Without knowing the history and socioeconomic influences, she envies the light skin girl with the light hair and light eyes. And without knowing the history and socioeconomic influences, I envied the girls in my neighborhood with the chocolate brown skin and the magically soft hair.

Why do we always want what we don’t have? Why can’t we appreciate the beauty of others without depreciating our own beauty? Why do we grow up and cast judgement on others for being slightly different from us? I suppose this is the human condition. But just because it’s how we lean doesn’t mean we can’t learn to stand up straight, you know?

Please tell someone they are beautiful today. You truly are.

*****

“You are altogether beautiful, my love; there is no flaw in you.”

Song of Solomon 4:7

Party Etiquette for Sassy Spoonies

Original Painting of Glamorous Woman by Kim Legler on Etsy | Party Etiquette for the Sassy Spoonie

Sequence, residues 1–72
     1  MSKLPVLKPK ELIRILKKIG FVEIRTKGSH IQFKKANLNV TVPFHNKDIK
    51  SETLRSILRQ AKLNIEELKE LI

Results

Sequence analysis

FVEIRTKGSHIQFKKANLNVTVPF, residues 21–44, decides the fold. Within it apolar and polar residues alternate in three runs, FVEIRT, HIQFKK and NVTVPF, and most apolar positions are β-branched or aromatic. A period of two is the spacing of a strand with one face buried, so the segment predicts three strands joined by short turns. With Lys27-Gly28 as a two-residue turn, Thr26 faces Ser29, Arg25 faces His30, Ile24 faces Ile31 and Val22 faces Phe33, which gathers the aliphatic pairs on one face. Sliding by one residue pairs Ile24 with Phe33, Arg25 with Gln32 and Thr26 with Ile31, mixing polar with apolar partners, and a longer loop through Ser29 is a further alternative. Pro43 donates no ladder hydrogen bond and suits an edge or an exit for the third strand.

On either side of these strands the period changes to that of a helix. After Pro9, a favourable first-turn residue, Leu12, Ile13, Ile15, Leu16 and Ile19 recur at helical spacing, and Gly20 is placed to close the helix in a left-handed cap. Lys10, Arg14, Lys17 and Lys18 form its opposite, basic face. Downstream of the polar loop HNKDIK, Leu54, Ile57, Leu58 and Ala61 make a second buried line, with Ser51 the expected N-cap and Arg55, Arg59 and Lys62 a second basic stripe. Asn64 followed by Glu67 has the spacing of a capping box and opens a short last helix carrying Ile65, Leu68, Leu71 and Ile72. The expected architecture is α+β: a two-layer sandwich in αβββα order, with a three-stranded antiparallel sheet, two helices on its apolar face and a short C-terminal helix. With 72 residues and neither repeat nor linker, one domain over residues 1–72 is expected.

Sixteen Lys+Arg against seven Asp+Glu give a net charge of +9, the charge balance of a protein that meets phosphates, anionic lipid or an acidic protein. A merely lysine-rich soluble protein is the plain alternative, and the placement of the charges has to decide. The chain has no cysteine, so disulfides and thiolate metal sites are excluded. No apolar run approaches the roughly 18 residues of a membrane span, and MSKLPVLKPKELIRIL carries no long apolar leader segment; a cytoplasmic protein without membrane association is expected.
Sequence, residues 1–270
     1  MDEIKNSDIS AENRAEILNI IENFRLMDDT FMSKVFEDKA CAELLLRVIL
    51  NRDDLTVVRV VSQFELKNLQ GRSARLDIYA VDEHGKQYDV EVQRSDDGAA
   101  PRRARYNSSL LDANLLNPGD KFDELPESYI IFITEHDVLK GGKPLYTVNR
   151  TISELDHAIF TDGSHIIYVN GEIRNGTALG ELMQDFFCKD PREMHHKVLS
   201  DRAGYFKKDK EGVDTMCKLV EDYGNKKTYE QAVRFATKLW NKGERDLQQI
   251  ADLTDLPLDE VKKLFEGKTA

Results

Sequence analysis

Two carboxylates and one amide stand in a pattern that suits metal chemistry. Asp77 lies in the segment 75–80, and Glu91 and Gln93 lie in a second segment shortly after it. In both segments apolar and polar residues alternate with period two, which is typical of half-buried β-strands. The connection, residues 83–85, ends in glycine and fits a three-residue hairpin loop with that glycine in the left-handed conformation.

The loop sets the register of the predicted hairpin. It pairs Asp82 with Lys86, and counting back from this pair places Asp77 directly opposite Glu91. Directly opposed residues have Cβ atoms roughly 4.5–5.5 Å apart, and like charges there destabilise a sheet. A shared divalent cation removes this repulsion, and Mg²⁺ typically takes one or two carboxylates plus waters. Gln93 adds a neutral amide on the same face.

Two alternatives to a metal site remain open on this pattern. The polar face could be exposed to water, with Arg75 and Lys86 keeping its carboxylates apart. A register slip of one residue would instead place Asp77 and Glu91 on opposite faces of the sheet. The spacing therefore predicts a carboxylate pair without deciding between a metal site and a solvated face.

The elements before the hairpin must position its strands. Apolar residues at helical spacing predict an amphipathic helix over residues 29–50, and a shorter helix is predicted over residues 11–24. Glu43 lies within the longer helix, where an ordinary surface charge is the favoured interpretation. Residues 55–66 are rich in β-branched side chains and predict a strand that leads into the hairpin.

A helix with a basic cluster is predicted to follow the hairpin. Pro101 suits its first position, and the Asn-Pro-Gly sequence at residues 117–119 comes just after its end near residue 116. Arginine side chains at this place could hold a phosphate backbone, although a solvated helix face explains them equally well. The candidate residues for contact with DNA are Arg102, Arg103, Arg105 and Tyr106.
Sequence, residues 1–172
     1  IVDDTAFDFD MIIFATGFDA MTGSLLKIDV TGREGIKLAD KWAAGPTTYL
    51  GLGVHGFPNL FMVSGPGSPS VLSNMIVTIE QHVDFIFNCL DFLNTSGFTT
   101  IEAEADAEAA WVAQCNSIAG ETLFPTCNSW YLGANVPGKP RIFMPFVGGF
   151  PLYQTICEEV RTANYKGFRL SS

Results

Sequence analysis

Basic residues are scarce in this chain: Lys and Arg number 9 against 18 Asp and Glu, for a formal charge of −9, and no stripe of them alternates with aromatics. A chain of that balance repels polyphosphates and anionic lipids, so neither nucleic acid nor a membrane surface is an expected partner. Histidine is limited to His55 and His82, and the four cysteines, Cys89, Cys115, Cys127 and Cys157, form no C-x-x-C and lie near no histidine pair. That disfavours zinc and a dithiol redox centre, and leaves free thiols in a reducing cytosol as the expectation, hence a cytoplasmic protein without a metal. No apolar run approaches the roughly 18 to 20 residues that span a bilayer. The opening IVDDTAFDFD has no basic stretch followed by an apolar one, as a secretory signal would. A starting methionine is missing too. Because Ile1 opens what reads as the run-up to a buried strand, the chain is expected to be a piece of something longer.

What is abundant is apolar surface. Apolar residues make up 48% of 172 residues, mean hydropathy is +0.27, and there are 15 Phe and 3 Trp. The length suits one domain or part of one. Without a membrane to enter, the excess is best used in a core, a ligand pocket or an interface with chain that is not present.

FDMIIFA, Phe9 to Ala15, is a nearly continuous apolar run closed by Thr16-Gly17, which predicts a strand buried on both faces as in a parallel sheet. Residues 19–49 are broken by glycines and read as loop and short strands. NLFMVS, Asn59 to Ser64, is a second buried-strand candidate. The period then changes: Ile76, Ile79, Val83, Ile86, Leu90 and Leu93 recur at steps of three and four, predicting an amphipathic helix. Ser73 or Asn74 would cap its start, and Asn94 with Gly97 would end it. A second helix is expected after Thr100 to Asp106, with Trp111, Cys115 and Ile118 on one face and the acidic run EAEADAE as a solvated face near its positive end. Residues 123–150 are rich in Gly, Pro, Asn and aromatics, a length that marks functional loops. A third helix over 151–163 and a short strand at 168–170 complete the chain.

Glamorous Woman | KimLegler

Living with constant chronic pain or chronic illness is no party, but you may have been invited to a few. Here are some ideas and tips to help you make it through as we enter into the holiday season.

1. No Cocktails
I know, I know, at your next party, you may be thinking:
“Ughh, why did I come? How do I even get comfortable in this chair? At least I’m not squished on the couch. Did anyone notice that full body spasm? Oh great. And now my hands are shaking. Better put my drink down before I spill it. At least it isn’t red wine. Of course not, because wine is a trigger food and 8 of 10 of my medications don’t party well with alcohol.”